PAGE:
The Topic of the Model WTO 2020 is:
Environmental Sustainability & the WTO
Please note that the information below is prepared by the Model WTO 2020 under its own responsibility and is intended only to provide a general introduction to the topic. The Model WTO 2020 takes full responsibility for any information that might be falsely stated in this document. You can access the pdf file of the document here.
Sustainable Trade and the WTO
There is a material, legal and institutional interdependence between international trade and the environment. Natural resources provide raw materials and energy for economic production and its residual products enter once again the environmental sphere. There is a general consensus that the impact of global trade on the environment requires protection. Since we live in a world whose economies are narrowly intertwined and where environmental issues spread over national borders, it is to be expected that interest groups increasingly concentrate on influencing institutions, which are dedicated to promoting international trade (Liebig, 1999). Trade and the environment are mostly governed by two separate but interacting legal systems: the World Trade Organization and Free Trade Agreements. In the context of this topic paper, we will mainly focus on the former.
The optimal use of natural resources while also preserving the environment has become one of the fundamental concerns of the WTO. These goals, enshrined in the Preamble of the Marrakesh Agreement, go hand in hand with the WTO’s objective to reduce trade barriers and eliminate discriminatory treatment in international trade relations. For WTO members, the aims of upholding and safeguarding an open and non-discriminatory multilateral trading system, on the one hand, and acting for the protection of the environment and the promotion of sustainable development, on the other, can and must be mutually supportive (WTO, n.d.).
What has been done?
An important element of the WTO’s contribution to sustainable development and protection of the environment comes from providing stable and predictable conditions that enhance the possibility of innovation. An efficient allocation of resources, economic growth and increased income levels provide additional possibilities for protecting the environment. Under WTO rules, members can adopt trade-related measures aimed at protecting the environment. The commitment of WTO members to sustainable development and the environment is apparent in regular reports. WTO rules and directives support the member states by providing a clear framework and a scope for environmental objectives to be followed and for necessary trade-related measures to be adopted. One of the biggest challenges is to find the appropriate balance between the right of members to take regulatory measures to achieve legitimate policy objectives and the rights of other member states under basic trade disciplines (WTO, n.d.). In addition, the WTO has to ensure that environmental measures are not used by its member states as an excuse for protectionism.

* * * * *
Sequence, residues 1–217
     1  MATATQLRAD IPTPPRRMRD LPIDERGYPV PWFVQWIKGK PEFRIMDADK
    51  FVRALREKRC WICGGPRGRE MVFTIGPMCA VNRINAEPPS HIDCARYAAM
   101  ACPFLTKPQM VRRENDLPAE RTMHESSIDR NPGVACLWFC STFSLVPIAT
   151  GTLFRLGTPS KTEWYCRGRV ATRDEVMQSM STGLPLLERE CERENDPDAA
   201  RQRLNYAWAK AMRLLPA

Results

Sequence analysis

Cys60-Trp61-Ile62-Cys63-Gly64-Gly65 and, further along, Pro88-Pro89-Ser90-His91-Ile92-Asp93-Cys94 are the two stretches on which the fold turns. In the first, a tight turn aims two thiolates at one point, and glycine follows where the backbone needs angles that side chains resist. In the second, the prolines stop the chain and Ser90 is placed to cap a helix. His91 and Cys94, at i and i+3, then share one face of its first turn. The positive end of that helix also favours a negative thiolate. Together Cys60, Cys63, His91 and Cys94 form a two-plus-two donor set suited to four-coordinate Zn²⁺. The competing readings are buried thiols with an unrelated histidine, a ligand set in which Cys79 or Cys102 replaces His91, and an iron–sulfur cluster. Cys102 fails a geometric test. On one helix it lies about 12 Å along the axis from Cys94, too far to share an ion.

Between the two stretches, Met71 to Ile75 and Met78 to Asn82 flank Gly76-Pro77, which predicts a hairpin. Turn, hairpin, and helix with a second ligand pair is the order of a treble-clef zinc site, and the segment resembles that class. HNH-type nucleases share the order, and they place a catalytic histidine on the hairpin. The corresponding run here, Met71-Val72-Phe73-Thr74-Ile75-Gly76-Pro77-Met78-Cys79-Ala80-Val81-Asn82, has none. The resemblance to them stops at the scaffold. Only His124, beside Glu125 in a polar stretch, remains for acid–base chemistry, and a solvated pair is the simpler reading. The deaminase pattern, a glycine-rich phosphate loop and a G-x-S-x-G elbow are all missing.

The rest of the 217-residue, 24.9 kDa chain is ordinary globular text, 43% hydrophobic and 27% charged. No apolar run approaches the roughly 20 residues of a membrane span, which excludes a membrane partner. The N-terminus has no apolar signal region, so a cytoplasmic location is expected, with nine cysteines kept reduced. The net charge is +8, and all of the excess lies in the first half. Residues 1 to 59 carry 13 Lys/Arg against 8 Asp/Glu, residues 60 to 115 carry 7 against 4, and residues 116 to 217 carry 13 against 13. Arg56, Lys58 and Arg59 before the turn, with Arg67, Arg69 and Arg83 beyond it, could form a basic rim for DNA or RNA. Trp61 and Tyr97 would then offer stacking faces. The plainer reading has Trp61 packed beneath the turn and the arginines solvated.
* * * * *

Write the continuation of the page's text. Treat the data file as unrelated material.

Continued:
Since its origins, the WTO Dispute Settlement Body has had to deal with a number of disputes concerning environment-related trade measures. Those measures have sought to achieve a variety of policy objectives. WTO jurisprudence has made it clear that WTO rules do not take precedence over environmental concerns. An example is a dispute settled upon in 2001, where the WTO ruled in favor a member state to maintain its ban on the importation of asbestos so it could shield its people and construction workers from the harmful effects it has on their health.
The WTO also supports the environment through some specialized committees and bodies. One unique institutional venue is the Committee on Trade and Environment (CTE). As a forum for dialogue on trade and the environment, the Committee is an incubator for ideas on how to move environment related debates forward. Some concerns first raised in the CTE have become fully-fledged negotiations. Another significant body is the Committee Administering the Technical Barriers to Trade Agreements, where governments share information on actions they have taken and discuss how some environmental regulations may affect trade.
For the first time, environmental issues have taken an important tole in the agenda of the trade-negotiation round of the WTO. The current Doha Round of negotiations gives members a chance to achieve an even more efficient allocation of resources on a global scale through the continued reduction of obstacles to trade. The Round is perceived as an opportunity to pursue win-win results for both, trade and the environment (WTO, n.d.). WTO members have long recognized the need for coherence amongst international institutions in addressing global environmental challenges. A further milestone are the current negotiations on the WTO-MEA (multilateral environmental agreements) relationship, which provides a unique opportunity for generating positive synergies between the trade and environment agendas at international level (WTO, 2002).